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October 2020
Arrests  |  Convictions  | Submit a Referral

Bucks County Doctor Faces Criminal Charges 


 On October 2, 2020, Dr. Gregory Grabon was arrested in Bucks County, following a joint investigation by the Office of Attorney General, the Bucks County District Attorney’s Office and the Quakertown Borough Police Department. According to the criminal complaint, in July of 2019, Grabon submitted a claim to New York Life for total disability benefits. The complaint stated that Grabon sought benefits which, had the insurance company paid the claim, would have totaled $38,000 from Grabon’s initial claim of disability to the insurer’s denial of the claim. 
In support of his claim, Grabon allegedly submitted a treating doctor’s verification form which purportedly was completed and signed by a physician in Brooklyn, New York. According to the complaint, an investigation established that the doctor in question had never examined or treated Grabon and did not complete or sign the form. The doctor allegedly told investigators that he last saw Grabon when they both were completing medical school residency programs in 2014.  New York Life denied Grabon’s disability claim after learning that the claim form allegedly had been forged and contained false information.
According to the complaint, the joint law enforcement investigation also revealed that for several years, Grabon illegally wrote and filled numerous prescriptions for the drug Ambien or its generic equivalent. Grabon allegedly obtained the drugs to feed his own addiction. Grabon was charged with one count of Criminal Attempt/Theft by Deception (F1), three counts of Forgery (M1), one count of Insurance Fraud (F3), 26 counts of Identity Theft (M1) and 25 counts of Violation of the Controlled Substances Act (F). 
On October 30, 2020, Willis McFadden was arrested in Fayette County.  According to the criminal complaint, on January 13, 2020, McFadden purchased a new Nationwide automobile insurance policy. The complaint stated that on January 2, 2020, McFadden contacted Nationwide and claimed that his vehicle was damaged in an accident which occurred on January 10, 2020. Investigators allegedly found that McFadden previously had filed a claim with Dairyland Insurance for damage to the same vehicle. Dairyland had denied that claim because McFadden’s policy did not include collision coverage. According to the complaint, Nationwide determined that McFadden’s current claim involved vehicle damage which occurred prior to the inception of his Nationwide policy.  McFadden was charged with one count of Insurance Fraud (F3), one count of Criminal Attempt Theft by Deception (F3), and one count of Theft by Deception (M1).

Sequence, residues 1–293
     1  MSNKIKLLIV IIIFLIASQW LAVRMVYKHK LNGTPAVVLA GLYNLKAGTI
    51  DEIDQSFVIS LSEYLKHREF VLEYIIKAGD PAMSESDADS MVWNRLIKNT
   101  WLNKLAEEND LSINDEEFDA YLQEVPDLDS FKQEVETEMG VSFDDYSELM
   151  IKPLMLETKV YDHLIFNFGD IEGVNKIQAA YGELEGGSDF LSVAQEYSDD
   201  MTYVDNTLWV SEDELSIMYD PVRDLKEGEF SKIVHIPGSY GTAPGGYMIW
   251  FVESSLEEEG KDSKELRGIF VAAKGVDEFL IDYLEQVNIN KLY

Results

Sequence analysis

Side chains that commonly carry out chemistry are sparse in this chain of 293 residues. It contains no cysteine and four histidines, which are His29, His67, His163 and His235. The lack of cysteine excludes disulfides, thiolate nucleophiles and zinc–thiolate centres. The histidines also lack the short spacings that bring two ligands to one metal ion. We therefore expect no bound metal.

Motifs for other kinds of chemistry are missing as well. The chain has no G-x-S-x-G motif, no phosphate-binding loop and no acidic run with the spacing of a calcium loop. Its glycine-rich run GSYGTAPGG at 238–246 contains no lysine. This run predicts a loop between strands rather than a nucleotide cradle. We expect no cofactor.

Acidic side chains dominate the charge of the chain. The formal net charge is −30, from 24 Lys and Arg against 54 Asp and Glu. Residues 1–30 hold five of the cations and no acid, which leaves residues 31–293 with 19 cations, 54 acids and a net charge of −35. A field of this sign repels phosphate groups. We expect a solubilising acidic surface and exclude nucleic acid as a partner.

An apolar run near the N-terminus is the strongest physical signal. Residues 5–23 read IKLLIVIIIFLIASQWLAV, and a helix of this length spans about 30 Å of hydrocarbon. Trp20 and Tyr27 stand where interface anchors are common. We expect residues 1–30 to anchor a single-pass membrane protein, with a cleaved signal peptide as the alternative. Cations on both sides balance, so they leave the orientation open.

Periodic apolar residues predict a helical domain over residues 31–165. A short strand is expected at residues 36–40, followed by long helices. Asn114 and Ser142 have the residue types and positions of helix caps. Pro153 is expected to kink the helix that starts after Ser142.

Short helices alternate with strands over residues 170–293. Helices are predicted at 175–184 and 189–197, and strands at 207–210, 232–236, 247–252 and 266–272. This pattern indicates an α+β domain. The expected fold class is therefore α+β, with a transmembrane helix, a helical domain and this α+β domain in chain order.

On October 27, 2020, Jenna Alessio was arrested in Allegheny County.  According to the criminal complaint, Alessio purchased a Progressive Insurance automobile policy on February 17, 2020, after her previous policy with Erie Insurance lapsed and was cancelled for nonpayment. On the following day, Alessio allegedly contacted Progressive and claimed that her vehicle struck a deer as she was driving home from her job at a restaurant. According to the complaint, an investigation revealed that Alessio no longer worked at the restaurant and now was employed at a veterinary clinic. Her current employer allegedly confirmed that Alessio contacted the clinic on February 16, 2020 and advised that her car had struck a deer. Progressive allegedly determined that the loss occurred prior to the inception of Alessio’s policy and denied her claim. Alessio was charged with one count of Insurance Fraud (F3) and one count of Criminal Attempt Theft by Deception (F3).
•    On October 26, 2020, Matthew Schafte was arrested in Montgomery County.  According to the criminal complaint, Schafte obtained a State Farm Automobile policy on December 24, 2018. He allegedly contacted the insurer later that day and claimed that his vehicle was involved in a deer strike accident. During an investigation of the claim, the insurer allegedly determined that Schafte had been involved in a two vehicle accident several days prior to the inception of his policy. Further, investigators confirmed that Schafte’s vehicle was impounded by State Police and was parked at the impound yard on December 24, the date that Schafte allegedly told State Farm that his vehicle struck a deer. The claim was denied. Schafte was charged with two counts of Insurance Fraud (F3), one count of Criminal Use of Communication Facility (F3) and one count of Theft by Deception (M1).
On October 24, 2020 Jeanne Campos was arrested on a warrant that was issued in Montgomery County.  According to the criminal complaint, Campos’ vehicle was uninsured when it was involved in a two-vehicle accident on September 8, 2018 around 11:45 am.   After the accident, Campos allegedly went online and obtained a Progressive Insurance policy for her vehicle.  On September 9, 2018 at approximately 1:11 pm, she allegedly contacted the insurer and reported that her vehicle had been damaged in an accident on September 8, 2018. However, according to the complaint, witnesses to the accident confirmed that the loss actually occurred on September 8, 2018, which was before Campos obtained her Progressive policy.  Campos was charged with one count of Insurance Fraud (F3), one count of Criminal Attempt/Theft by Deception (F3), and one count of Criminal Use of Communication Facility (F3).